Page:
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PHOTOS: King Soopers workers strike for higher wages

With no movement on a new contract, King Soopers employees who are part of UFCW Local 7 rallied together with support from local officials.

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As the King Soopers strike enters day three at 77 Denver-area grocery stores, negotiations appear no closer to a new contract. But United Food and Commercial Workers Local 7 members remain spirited and rallied Thursday across the street from the Glendale store. Striking workers and union leaders asked the grocer to get its local leaders to meet at the table with a better offer deserving of essential workers. 

King Soopers has offered $170 million in increased wages, which amounts to about $1 an hour more for the next three years for a checker with five years of experience. That would put that checker above $20 an hour and to $22.61 by 2024. But employees say that is still not a livable wage, especially in Denver.

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“All we are asking for is fair pay, affordable health care and a safe workplace. C’mon King Soopers,” said Carol McMillian, an employee in Aurora, to much cheering.

After hearing from other guests, including Colorado State Treasurer Dave Young and Tay Anderson, Denver Board of Education vice president, the crowd crossed the street to march around the store’s parking lot.

▶︎ See all of our King Soopers strike coverage here.

Employees and supporters gather at a King Soopers on Thursday in Glendale. (Olivia Sun, The Colorado Sun)
Justin Presser, a King Soopers employee since 2006, strikes on Wednesday in Denver. (Olivia Sun, The Colorado Sun)
Arthur Collins (right), who started work at King Soopers in April 2020, strikes on Wednesday in Denver. Thousands of workers are expected to participate in a three-week strike at King Soopers, though more may be joining as other union contracts expire until February 2022. King Soopers on Tuesday upped its offer to invest $170 million over three years in wages and bonuses, an offer that was 17% higher than two weeks ago. (Olivia Sun, The Colorado Sun)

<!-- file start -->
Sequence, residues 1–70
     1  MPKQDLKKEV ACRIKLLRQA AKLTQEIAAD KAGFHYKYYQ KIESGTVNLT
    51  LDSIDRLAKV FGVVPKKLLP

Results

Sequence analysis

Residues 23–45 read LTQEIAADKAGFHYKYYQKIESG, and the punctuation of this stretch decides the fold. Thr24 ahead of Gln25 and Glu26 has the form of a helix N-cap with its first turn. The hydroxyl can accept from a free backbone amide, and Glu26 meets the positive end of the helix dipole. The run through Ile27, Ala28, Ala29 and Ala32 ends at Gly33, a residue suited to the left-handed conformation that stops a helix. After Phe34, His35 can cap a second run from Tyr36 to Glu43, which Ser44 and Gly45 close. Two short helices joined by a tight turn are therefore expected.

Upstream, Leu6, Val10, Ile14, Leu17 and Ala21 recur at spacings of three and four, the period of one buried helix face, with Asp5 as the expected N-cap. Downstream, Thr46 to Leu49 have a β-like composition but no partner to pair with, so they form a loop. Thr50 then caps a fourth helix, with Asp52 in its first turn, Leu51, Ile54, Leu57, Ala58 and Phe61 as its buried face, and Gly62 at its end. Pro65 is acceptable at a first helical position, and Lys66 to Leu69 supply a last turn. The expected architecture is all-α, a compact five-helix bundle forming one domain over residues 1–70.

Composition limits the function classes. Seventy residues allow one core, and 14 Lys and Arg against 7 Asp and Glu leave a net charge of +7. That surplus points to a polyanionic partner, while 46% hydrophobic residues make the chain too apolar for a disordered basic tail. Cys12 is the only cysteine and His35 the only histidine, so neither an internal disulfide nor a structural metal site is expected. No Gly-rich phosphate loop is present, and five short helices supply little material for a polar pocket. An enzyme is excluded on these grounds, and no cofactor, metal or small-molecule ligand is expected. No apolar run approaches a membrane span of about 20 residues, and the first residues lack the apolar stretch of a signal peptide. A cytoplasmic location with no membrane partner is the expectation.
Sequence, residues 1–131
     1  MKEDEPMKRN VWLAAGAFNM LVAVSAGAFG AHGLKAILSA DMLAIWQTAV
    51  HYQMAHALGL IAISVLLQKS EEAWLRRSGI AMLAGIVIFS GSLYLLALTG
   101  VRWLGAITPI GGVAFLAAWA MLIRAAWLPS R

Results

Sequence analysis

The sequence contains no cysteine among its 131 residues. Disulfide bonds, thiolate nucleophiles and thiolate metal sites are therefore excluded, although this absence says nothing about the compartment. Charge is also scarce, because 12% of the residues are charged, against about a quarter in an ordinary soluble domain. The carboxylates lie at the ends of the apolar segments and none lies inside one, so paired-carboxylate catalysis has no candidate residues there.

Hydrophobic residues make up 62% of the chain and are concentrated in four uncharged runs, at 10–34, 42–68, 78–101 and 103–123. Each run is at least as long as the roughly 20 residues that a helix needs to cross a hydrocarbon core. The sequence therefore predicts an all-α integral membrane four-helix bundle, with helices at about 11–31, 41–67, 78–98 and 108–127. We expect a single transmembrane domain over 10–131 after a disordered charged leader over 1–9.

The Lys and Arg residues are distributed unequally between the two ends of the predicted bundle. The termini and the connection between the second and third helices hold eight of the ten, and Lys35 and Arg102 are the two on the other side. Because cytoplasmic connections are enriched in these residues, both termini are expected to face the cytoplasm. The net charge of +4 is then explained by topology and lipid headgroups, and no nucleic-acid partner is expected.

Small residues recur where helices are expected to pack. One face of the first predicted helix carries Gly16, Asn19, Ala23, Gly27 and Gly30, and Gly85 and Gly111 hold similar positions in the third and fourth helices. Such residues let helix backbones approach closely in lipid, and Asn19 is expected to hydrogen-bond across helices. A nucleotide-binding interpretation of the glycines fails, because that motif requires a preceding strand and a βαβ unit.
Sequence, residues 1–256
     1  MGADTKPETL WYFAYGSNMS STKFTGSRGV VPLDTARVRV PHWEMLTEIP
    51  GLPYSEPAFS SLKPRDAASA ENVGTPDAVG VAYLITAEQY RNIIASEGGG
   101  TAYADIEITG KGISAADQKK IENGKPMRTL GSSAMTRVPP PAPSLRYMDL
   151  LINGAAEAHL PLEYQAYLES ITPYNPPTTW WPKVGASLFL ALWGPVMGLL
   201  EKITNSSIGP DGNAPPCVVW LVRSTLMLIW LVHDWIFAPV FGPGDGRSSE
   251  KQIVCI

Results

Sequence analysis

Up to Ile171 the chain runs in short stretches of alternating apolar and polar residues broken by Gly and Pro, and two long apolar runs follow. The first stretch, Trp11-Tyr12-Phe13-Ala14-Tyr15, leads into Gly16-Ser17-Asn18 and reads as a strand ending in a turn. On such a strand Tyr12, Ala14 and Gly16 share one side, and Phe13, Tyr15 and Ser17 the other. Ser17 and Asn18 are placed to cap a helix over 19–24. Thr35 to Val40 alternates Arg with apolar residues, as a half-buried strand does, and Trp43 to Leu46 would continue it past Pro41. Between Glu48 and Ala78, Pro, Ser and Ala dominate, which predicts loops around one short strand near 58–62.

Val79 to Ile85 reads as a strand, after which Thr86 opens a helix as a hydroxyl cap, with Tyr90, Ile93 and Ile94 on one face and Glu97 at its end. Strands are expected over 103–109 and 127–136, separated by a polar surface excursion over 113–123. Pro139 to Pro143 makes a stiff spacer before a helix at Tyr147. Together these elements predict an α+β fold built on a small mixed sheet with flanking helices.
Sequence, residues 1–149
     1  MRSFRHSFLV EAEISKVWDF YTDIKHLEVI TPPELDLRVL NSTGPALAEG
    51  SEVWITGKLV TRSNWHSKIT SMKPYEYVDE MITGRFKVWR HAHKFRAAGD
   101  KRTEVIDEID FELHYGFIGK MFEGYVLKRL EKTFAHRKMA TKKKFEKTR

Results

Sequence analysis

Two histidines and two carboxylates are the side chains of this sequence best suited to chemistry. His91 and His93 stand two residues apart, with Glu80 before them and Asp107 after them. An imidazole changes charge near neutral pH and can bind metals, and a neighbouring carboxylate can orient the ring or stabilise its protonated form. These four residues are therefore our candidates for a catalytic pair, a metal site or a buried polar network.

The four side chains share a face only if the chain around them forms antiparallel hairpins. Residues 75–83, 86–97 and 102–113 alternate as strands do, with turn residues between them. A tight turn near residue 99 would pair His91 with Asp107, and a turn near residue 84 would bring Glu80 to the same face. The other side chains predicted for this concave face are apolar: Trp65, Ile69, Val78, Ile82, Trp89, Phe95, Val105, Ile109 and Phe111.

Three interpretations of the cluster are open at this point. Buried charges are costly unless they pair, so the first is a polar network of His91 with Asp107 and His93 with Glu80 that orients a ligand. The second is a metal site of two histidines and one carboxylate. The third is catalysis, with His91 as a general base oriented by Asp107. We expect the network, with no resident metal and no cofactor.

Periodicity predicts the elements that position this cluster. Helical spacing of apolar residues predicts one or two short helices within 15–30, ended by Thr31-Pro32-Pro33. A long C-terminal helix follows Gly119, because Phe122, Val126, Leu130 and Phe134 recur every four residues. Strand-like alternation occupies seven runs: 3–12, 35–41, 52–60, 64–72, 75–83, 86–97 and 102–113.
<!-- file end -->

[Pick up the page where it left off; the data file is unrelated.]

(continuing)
Employees and supporters gather at a King Soopers on Thursday in Glendale. (Olivia Sun, The Colorado Sun)
Yonas Berk, a King Soopers employee for nearly five years, strikes on Wednesday in Denver. “Basically, we’re saying better pay, better benefits. That’s what we’re here for. We’re not against the company,” Berk said. “We love the company and we support our families from there. We want to company to exist — we depend on it. We just want better pay.” (Olivia Sun, The Colorado Sun)
Debbie Espinoza and Steve Abeyta, employees at King Soopers for 50 and 39 years respectively, strike on Wednesday in Denver. Abeyta has taken part in two previous King Soopers strikes since 1987. “My youngest daughter, who’s 26 now, took her first steps here out on the picket line,” Abeyta said. “This time, it’s way more support … In ’96, people spit on us, somebody got run over at the Safeway on 13th and Federal. Two people died. But the reason they’re getting the respect this time is because of COVID.” (Olivia Sun, The Colorado Sun)
Employees and supporters walk down Leetsdale Dr. on Thursday in Glendale. (Olivia Sun, The Colorado Sun)
Married coworkers Robert and Tina Ferry said they’d feel safer at their King Soopers store in Aurora if the company would hire an off-duty police officer. The store has a contract security guard who was attacked two weeks ago by an unruly customer, and the store had to call the police. (Tamara Chuang, The Colorado Sun)
Employees and supporters gather at a King Soopers on Thursday in Glendale. (Olivia Sun, The Colorado Sun)
Thousands of workers are expected to participate in a three-week strike at King Soopers, though more may be joining as other union contracts expire until February 2022. King Soopers on Tuesday upped its offer to invest $170 million over three years in wages and bonuses, an offer that was 17% higher than two weeks ago. (Olivia Sun, The Colorado Sun)